Bargaining for a new contract for health science professionals continued this week in Richmond, with the Health Science Professionals Bargaining Association (HSPBA) tabling a number of proposals aimed at protecting quality public health care.
“As health care professionals, we are deeply concerned with maintaining our quality public health care system. We are trying to find ways that together we can protect and improve our system,” said Frank De Waard, CUPE representative to the HSPBA bargaining committee and President of CUPE Local 4816.
HSPBA has proposed a joint committee to reduce patient wait times for diagnostic services and to address shortages of diagnostic and other specialists on the health care team.
The joint committee would explore key issues that create the delays, including: booking systems, effective use of facilities and equipment, supply of the specialized staff, and the supply and condition of the sophisticated technology required.
The unions have also proposed a joint committee to address the workload issues that act as deterrents to recruitment. The committee would make recommendations to make the work of health science professionals more efficient and effective. Issues to be explored include providing appropriate leadership and caseloads for health science professionals, maximizing health science professionals’ scope of practice, and reducing their administrative tasks to ensure their focus is on diagnosis, treatment and rehabilitation of patients.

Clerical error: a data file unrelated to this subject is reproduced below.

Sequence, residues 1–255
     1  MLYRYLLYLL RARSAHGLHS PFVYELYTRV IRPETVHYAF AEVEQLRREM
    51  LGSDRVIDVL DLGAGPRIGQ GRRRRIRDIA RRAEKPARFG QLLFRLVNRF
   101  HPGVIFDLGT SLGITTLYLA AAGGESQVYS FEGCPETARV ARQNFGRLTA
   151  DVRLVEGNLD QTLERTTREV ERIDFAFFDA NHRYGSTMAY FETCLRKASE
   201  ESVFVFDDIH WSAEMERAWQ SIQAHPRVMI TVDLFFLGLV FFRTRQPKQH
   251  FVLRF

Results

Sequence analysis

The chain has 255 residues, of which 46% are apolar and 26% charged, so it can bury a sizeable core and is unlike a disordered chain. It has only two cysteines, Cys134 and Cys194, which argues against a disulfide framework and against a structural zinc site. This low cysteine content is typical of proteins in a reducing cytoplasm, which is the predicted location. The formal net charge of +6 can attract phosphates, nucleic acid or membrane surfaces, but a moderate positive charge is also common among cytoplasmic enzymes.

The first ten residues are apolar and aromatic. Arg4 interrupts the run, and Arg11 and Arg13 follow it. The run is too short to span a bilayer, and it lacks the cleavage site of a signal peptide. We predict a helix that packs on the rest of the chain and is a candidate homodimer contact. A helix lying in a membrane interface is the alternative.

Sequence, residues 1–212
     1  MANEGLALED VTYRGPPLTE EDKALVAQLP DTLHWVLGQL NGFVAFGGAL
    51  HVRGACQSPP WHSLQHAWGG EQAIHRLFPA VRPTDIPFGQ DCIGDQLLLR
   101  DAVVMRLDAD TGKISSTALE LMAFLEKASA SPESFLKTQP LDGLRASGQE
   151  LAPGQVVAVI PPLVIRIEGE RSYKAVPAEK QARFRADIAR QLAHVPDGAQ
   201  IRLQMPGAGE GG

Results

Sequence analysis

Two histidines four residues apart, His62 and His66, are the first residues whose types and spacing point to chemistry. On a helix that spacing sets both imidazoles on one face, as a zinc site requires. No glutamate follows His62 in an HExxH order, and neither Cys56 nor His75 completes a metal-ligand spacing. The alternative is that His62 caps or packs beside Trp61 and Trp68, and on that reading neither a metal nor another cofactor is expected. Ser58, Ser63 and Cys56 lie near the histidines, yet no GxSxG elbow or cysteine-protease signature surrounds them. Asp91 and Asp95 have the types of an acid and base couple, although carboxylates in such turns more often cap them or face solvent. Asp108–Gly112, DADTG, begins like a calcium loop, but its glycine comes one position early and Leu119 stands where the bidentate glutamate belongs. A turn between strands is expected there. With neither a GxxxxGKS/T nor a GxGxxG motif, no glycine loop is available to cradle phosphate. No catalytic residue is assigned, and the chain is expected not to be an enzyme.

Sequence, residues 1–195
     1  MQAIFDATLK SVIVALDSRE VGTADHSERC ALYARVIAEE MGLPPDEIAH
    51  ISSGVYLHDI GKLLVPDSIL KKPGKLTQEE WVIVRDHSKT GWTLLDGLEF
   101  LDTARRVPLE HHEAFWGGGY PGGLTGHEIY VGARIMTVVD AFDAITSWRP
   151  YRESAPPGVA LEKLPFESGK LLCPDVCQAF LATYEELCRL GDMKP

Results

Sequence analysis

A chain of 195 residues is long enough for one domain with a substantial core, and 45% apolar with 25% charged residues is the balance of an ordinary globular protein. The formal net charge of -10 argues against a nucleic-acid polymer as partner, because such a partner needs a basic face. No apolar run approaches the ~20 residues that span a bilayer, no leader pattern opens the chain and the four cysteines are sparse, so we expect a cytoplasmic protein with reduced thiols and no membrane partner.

Bargaining continues in August.
The Health Sciences Professionals Bargaining Association (HSPBA) bargains on behalf of 16,000 health science professionals in British Columbia. CUPE represents over 500 members in this bargaining association, represented by CUPE Locals 15, 1978 and 4816.
Please continue to check the CUPE BC website for updates at www.cupe.bc.ca